What does this mean? I mean, we think of the Trinity as Father, Son, and Holy Ghost, and we say in our confession of faith about the Trinity that all are God, and all participate in the attributes of God, that the Father is eternal, the Son is eternal, and the Holy Spirit is eternal. The Father is immutable, the Son is immutable, and the Holy Spirit is immutable. We say the Father is omnipresent, the Son is omnipresent, and the Holy Spirit is omnipresent.

What else do we ascribe to all three persons of the Godhead? This attribute, omniscience. What does omniscience mean? The prefix omni simply means all, and omniscience is spelled like omni science, s-c-i-e-n-c-e. And the word science that we have in English comes from the Latin word for knowledge. So, omniscience simply means all knowledge. Well, here it seems as Jesus is saying that there is some information, some knowledge that only the Father has, and the Son doesn't have it, the angels don't have it, and presumably the Holy Spirit doesn't have it either.

How do we deal with this? Are we saying that there is an attribute that only one member of the Godhead possesses while the others do not have it? Or to put it in the simplest terms possible, how could Jesus be God incarnate and have this gap in His knowledge?

How is it possible that Jesus could not know the day and the hour of His own return? Well, there have been many interesting theories set forth about this, not the least of which comes from the mind of St. Thomas Aquinas. Now, I'm going to give you a shorthand version of Aquinas' theory on this, and I'm going to be critical of it. But before you rush to the phone or to pick up your pen, let me say to you, I respect St. Thomas Aquinas as much as or more than any other theologian that's ever lived. I think St. Thomas was astonishing in his brilliance and in his consistent understanding of the things of God.

But St. Thomas was deeply troubled by this statement, and he said, wait a minute. Jesus is the God-man. Jesus has two natures, a human nature and a divine nature, and those two natures are perfectly united and joined together. How is it possible that the God-man could not know something?

Now, the first part of Thomas' thinking was like this. When Jesus refers to the Son, when He says not even the Son knows it, in the first instance, we have to ask the question, when the Son is mentioned, S-O-N, obviously that refers to Jesus. But sometimes we use this term Son strictly with reference to the divine person in the Godhead, Father, Son, and Holy Ghost. The Son of God existed before the Incarnation. There is the eternal Son, the second person of the Trinity, who assumed a human nature to who assumed a human nature, took upon a human nature at the Incarnation. Now, sometimes we use the phrase Son of God to refer to the incarnate Son of God.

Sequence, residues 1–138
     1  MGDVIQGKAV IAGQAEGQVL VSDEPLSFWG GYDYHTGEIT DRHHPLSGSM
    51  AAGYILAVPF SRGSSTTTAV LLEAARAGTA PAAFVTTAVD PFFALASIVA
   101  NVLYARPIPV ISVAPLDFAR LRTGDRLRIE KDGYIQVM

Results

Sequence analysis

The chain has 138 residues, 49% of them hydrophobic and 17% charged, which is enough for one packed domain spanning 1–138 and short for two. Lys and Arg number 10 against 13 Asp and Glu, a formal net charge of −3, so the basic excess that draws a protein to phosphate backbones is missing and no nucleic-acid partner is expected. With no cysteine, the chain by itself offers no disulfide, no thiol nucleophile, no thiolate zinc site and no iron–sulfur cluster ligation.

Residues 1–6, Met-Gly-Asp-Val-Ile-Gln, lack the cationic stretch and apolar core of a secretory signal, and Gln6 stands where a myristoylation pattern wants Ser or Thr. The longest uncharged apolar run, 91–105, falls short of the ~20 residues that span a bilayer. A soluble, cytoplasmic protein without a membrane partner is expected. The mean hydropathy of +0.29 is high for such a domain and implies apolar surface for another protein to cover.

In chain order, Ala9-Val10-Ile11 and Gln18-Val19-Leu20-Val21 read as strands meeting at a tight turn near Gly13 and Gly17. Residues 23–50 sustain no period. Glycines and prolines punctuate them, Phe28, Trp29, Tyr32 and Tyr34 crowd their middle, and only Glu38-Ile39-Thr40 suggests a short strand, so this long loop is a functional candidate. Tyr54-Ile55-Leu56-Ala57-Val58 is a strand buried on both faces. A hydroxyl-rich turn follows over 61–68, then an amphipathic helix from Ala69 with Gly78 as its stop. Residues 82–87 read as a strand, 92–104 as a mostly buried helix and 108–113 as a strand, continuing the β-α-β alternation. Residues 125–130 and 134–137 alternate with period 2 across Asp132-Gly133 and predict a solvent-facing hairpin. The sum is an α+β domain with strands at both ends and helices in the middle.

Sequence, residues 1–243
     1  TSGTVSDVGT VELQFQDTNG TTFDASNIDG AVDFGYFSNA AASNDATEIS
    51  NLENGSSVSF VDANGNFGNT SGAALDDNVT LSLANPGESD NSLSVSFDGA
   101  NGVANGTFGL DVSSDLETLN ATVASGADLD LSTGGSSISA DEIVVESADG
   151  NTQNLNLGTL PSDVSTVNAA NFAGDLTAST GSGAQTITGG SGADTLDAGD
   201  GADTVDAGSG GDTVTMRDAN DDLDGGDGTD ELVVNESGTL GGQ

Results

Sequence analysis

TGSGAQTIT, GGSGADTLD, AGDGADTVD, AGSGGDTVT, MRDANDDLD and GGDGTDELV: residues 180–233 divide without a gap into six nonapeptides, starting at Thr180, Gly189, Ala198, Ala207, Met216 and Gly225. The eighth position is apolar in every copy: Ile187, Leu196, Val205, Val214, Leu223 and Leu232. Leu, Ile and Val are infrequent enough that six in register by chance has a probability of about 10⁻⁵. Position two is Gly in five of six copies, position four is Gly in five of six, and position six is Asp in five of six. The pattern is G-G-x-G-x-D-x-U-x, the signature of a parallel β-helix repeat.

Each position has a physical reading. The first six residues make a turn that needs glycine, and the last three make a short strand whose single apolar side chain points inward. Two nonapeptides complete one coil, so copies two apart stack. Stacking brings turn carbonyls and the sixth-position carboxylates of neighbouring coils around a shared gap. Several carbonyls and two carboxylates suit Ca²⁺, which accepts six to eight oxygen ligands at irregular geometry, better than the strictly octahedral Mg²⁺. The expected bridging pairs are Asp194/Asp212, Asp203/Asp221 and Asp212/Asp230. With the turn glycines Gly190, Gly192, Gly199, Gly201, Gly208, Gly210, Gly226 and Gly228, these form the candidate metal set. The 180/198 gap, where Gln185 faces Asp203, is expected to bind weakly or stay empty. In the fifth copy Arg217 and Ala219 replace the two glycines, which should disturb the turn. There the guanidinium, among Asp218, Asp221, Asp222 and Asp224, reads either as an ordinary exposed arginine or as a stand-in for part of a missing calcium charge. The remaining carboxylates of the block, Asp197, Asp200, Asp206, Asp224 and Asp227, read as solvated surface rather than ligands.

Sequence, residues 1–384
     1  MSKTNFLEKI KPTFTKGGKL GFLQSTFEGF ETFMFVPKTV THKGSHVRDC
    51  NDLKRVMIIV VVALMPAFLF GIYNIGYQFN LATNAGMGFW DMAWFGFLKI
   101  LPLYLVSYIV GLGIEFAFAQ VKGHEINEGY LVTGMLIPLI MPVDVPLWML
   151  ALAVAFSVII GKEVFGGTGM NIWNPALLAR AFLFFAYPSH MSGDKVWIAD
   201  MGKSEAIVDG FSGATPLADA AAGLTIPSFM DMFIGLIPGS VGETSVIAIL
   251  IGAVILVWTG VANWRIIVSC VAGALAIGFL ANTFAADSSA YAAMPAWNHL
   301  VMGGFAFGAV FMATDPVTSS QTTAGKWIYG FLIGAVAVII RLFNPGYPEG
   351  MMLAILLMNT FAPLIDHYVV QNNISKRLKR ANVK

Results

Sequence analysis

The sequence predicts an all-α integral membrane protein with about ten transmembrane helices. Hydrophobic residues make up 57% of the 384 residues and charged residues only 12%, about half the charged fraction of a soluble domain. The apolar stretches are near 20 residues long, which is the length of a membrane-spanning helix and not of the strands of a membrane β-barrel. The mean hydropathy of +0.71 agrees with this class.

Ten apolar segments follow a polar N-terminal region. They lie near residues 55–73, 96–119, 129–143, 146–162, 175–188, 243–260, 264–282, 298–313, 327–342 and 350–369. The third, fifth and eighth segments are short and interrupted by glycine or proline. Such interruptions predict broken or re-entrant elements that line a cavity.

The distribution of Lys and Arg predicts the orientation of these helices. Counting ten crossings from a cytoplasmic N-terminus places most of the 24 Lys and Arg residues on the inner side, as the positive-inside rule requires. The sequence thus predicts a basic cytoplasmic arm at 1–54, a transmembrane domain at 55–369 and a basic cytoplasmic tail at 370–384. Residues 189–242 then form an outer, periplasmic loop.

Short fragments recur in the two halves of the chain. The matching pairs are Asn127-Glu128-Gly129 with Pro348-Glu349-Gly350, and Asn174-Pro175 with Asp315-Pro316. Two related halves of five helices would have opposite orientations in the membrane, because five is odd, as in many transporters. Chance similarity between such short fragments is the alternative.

In other words, to refer to Jesus. Now, is Jesus when He says not even the Son knows, but only the Father knows, is He speaking in strict Trinitarian terms about the Godhead, or is He simply saying no man knows the hour, the angels don't know the hour, even I in my humanity do not know the hour. Even I, the incarnate Son of God, do not know the hour of my own return. I suspect that's exactly what Jesus is saying. I don't think Jesus for a minute would suggest that the divine nature, the eternal Son of God would have a gap in His knowledge.

If He does, then we would have to abandon the doctrine of the Trinity. But the text does not demand that we attribute this lack of knowledge to the eternal Son, but rather to the incarnate Son, because the incarnate Son not only has a divine nature, but the incarnate Son also has a human nature, and omniscience is not a character, property, or attribute of human beings, even even Jesus' human nature. And so I would say that touching His human nature, Jesus is not omniscient. But this is the struggle that Aquinas had. He said, still, even if the human nature by nature does not know everything, this human nature, namely the human nature of Jesus, is so perfectly united with the divine nature that anything that the divine nature knows must also surely be known by the human nature. That was Aquinas' thinking. And so Aquinas says, I have to find some way to understand this text. And he came up with a theory that is called the theory of accommodation.

And the accommodation theory goes like this. Jesus did know the day and the hour, but it was sacred information. It was holy information. It was information that it was information that it was not the will of God to reveal to mortal people. And so Jesus, in order to accommodate Himself to the weakness of His hearers, simply told them that He didn't know, because it wasn't for them to know.